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4 Ways to Strengthen Social Security

Millions rely on Social Security for their retirement income, but the program is under financial threat. With long-term benefits at risk, many proposals have surfaced to try to shore up Social Security's finances.

In the following video, Dan Caplinger, The Motley Fool's director of investment planning, looks at four of the more popular proposals to strengthen Social Security. Dan notes that retirement ages are already on their way up to age 67, but some believe that 68 or even 70 would more accurately reflect life expectancies. Means-testing Social Security to take away or limit benefits for upper-income recipients is especially controversial, raising disagreements about the nature of Social Security either as a safety net or as a pension benefit for all. Dan notes that Social Security payroll tax rates haven't risen in almost 25 years, making a rise in the current 6.2% rate a possibility. Finally, Dan looks at proposals to raise or eliminate the current wage base limit of $117,000, citing similar moves to Medicare taxes that boosted revenue. Dan concludes that none of these solutions is a slam-dunk winner among those looking at the problem, and all of them might well be up for debate for years to come.

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Read/Post Comments (2) | Recommend This Article (2)

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Help us keep this a respectfully Foolish area! This is a place for our readers to discuss, debate, and learn more about the Foolish investing topic you read about above. Help us keep it clean and safe. If you believe a comment is abusive or otherwise violates our Fool's Rules, please report it via the Report this Comment Report this Comment icon found on every comment.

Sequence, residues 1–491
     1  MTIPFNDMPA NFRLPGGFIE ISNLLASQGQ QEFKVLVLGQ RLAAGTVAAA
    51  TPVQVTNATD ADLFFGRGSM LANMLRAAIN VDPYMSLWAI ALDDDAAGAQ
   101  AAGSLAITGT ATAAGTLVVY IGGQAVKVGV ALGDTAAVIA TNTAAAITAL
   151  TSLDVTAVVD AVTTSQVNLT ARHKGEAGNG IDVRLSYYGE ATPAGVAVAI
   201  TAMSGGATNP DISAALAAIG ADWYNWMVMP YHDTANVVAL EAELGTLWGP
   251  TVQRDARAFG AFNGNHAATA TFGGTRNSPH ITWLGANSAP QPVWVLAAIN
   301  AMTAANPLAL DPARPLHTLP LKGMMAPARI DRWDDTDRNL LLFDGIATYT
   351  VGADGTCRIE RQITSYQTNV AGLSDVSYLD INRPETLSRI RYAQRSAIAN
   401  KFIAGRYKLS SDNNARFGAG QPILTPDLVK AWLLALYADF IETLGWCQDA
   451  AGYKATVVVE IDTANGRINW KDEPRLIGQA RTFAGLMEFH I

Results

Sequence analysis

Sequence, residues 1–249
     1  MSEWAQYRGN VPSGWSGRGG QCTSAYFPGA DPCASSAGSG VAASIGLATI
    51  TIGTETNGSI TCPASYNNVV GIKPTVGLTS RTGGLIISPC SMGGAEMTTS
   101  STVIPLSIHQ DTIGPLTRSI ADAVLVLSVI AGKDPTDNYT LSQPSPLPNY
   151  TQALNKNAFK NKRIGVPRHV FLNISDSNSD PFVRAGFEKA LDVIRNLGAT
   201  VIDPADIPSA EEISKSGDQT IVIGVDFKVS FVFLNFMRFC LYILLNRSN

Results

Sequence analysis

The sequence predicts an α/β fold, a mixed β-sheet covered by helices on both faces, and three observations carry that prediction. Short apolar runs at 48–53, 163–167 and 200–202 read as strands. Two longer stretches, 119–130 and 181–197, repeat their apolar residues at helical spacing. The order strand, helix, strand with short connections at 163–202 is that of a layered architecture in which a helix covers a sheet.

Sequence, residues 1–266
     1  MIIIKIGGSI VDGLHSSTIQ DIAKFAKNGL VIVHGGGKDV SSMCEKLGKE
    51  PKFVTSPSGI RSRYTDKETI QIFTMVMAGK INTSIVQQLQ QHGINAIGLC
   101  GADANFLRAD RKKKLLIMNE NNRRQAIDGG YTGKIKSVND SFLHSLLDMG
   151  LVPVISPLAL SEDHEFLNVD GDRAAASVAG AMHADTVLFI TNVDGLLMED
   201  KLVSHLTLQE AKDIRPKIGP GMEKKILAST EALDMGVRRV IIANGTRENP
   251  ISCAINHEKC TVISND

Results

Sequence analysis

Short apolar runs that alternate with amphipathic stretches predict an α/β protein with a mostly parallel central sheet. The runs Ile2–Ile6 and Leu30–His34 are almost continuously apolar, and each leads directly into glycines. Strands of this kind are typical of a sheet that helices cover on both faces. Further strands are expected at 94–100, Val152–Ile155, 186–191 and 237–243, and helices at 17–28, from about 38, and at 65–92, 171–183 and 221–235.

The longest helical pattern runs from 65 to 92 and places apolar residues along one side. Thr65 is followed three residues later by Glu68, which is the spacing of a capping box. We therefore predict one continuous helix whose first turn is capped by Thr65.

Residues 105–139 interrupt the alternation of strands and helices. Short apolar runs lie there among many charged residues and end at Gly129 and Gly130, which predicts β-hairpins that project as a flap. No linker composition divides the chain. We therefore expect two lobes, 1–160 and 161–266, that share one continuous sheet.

• Report this Comment On June 23, 2014, at 12:50 PM, deckdawg wrote:

    For many, many, many years the social security tax collected in excess of what was needed to pay current benefits was simply shoveled over into the general fund to be spent on who knows what.

    Why not just reverse that formula? Shortfalls in funds needed to pay benefits could simply be made up by shoveling money back over from the general fund into the social security bucket.

    Seems fair.

  • Report this Comment On June 30, 2014, at 9:29 PM, DanFPilot wrote:

    The Social Security tax rate is 12.4% not 6.2% of the first $117,000 of earned income. Anybody who has been self employed or a independent contractor knows this. Even as a mere employee, I know that I'm paying 12.4%. The difference being that my employer pays the additional 6.2% this on my behalf just like pay my health and disability insurance. Anyone who thinks they are only paying 12.4% is naive.

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Dan Caplinger

Dan Caplinger has been a contract writer for the Motley Fool since 2006. As the Fool's Director of Investment Planning, Dan oversees much of the personal-finance and investment-planning content published daily on With a background as an estate-planning attorney and independent financial consultant, Dan's articles are based on more than 20 years of experience from all angles of the financial world.

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